The Decima MAS unit had pioneered new techniques of underwater sabotage warfare with manned topedoes (SLC, Maiale) and assault swimmers. The need of this unit for reliable water resistant watches gave birth to the famous “Panerai” watches, which were developed and produced by Rolex.
Recent Panerai related literature has romanticised the German frogmen by taking their formation in Italy totally out of the historic context and portaying them as partners of the Italians. When the Kampfschwimmers started their training at the facilities of the Decima MAS, Italy was no longer an ally to Nazi Germany.
To get the full picture of what really happened during this period of the war and to understand how hundreds of “Panerai” watches ended up on the wrists of Nazi forces, we need dive deep into the events following the Italian surrender to the Allies on September 8, 1943. After doing so, it appears highly unlikely that G. Panerai e Figlio supplied the original “Kampfschwimmer” watches voluntarily to the Nazis and it becomes more and more clear that Giuseppe Panerai may not have been very proud of this chapter in his company’s history.
The occupation of Italy
Benito Mussolini, the megalomaniac fascist dictator of Italy with imperial ambitions to restore the Roman Empire in the “Mare Nostrum” (Latin for Our Sea, the Mediterranean) forced his country into an alliance with Nazi Germany. After his “March on Rome” in October 1922, Mussolini built a totalitarian state with himself as the supreme leader. Mussolini was, in many ways, Hitler’s mentor.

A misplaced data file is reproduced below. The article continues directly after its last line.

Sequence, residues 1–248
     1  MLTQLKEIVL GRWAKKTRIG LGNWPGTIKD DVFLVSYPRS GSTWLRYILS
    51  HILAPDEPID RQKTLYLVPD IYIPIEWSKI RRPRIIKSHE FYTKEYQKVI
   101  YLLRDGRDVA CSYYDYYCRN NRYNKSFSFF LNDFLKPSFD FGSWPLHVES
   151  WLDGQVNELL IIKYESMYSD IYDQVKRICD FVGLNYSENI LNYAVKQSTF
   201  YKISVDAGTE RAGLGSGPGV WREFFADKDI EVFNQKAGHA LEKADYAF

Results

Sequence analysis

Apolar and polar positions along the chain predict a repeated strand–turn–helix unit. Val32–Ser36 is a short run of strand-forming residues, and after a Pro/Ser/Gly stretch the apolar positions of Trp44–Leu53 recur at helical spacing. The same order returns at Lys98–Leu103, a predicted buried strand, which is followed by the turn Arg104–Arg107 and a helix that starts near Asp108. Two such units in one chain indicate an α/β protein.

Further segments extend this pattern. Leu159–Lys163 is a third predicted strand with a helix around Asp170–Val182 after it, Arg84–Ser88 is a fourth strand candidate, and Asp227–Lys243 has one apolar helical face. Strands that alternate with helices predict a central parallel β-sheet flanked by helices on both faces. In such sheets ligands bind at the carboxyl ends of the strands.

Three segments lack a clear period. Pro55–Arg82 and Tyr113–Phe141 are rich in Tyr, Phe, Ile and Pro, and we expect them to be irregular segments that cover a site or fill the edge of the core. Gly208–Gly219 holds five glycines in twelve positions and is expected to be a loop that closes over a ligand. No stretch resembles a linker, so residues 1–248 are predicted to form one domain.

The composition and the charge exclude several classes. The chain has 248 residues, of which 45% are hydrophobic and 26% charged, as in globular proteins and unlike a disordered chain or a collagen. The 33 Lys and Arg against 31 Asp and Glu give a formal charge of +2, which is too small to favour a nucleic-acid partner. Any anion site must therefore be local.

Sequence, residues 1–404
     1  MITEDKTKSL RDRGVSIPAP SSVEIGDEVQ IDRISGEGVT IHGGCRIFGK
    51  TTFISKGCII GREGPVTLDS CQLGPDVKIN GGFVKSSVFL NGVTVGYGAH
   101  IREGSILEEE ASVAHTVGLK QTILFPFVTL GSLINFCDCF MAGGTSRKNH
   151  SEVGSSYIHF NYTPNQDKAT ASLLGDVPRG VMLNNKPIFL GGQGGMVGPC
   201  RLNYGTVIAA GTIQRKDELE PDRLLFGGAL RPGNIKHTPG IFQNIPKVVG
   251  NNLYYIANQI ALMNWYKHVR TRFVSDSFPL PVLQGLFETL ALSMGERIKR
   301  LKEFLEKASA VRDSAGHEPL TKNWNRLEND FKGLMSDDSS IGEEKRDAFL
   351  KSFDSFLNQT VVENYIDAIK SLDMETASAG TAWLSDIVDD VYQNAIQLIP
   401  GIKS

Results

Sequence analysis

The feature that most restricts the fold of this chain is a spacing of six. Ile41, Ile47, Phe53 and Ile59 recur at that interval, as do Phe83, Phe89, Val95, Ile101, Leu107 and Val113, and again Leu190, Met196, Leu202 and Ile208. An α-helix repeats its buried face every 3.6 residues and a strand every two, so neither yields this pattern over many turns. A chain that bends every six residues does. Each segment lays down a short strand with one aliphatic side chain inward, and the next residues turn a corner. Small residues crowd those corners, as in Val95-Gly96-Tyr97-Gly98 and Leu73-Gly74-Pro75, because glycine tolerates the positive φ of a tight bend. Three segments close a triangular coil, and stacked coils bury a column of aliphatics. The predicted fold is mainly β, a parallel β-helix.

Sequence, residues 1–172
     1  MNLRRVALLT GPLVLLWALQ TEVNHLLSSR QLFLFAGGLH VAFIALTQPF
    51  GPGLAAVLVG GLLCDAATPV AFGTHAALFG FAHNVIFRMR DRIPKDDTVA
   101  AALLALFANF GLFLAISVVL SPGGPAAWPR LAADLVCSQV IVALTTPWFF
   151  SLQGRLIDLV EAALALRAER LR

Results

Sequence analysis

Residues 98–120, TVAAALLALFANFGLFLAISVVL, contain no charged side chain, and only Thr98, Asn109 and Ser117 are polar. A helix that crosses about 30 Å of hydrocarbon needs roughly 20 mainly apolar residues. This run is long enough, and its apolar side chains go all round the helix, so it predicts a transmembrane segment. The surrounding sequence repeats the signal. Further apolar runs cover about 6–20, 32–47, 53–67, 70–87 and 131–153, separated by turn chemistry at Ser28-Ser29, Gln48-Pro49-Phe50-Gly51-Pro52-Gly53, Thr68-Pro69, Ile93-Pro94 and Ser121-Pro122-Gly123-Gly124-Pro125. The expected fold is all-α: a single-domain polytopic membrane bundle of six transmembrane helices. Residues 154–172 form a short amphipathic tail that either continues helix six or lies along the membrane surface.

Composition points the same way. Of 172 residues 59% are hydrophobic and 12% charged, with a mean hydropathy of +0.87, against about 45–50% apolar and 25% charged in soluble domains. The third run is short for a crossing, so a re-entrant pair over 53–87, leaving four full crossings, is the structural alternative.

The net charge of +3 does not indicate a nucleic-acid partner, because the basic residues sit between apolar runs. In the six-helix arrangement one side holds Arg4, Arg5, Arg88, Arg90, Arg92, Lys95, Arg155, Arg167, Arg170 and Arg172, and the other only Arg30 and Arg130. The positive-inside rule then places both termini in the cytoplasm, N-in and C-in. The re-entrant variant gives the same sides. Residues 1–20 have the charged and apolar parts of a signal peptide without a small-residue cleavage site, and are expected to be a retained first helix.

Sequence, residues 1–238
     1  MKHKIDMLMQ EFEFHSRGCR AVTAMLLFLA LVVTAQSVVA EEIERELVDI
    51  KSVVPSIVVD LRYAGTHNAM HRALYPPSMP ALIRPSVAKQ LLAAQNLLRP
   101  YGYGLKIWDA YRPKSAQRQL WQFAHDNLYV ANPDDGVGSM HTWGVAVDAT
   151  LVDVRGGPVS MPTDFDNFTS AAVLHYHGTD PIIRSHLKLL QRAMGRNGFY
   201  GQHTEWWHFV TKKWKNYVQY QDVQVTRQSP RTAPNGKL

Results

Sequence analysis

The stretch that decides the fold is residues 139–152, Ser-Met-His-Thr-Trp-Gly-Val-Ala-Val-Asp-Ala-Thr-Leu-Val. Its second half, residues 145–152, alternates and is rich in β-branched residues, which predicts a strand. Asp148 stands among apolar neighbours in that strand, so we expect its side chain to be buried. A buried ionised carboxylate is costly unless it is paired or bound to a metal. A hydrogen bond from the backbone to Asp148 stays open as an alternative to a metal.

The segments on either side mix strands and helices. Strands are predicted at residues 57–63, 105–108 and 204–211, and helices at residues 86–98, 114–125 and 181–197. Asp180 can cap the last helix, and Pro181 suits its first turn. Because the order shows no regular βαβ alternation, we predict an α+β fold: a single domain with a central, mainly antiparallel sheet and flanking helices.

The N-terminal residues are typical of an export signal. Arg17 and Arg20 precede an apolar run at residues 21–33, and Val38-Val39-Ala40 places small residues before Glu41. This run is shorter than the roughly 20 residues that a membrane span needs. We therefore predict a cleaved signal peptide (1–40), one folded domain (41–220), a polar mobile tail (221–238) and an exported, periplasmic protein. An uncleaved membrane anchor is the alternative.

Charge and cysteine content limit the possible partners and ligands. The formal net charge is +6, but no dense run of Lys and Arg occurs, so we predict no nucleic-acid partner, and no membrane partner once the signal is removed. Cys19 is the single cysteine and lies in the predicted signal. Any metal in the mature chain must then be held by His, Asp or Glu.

Italy entered the Second World War as part of the Axis powers (Rome-Berlin-Tokyo) in June 1940. Soon it became very clear that Italy could not keep up with its ally Nazi Germany in terms of successful warfare. Mussolini was deeply humiliated after his embarrassing attempt to conquer Greece and the need to be “rescued” by Nazi Germany.
In July 1943, the Allies landed successfully in Sicily in order to divert Nazi forces from the Russian front by opening a secondary front in southern Europe.
After the eternal city of Rome, with all its amazing artwork and irreplaceable historic architecture, had become a target of massive Allied bombings causing over 3.000 dead and 11.000 injured, on July 19, 1943, the Italians grew weary of the war.
In a last-ditch effort to prevent further destruction and to extricate Italy from the war, the fascist grand counsel voted to remove Mussolini from power and dismantle his dictatorship and the fascist party. Benito Mussolini was arrested on July 24, 1943. Hitler was furious when he heard of Mussolini’s faith.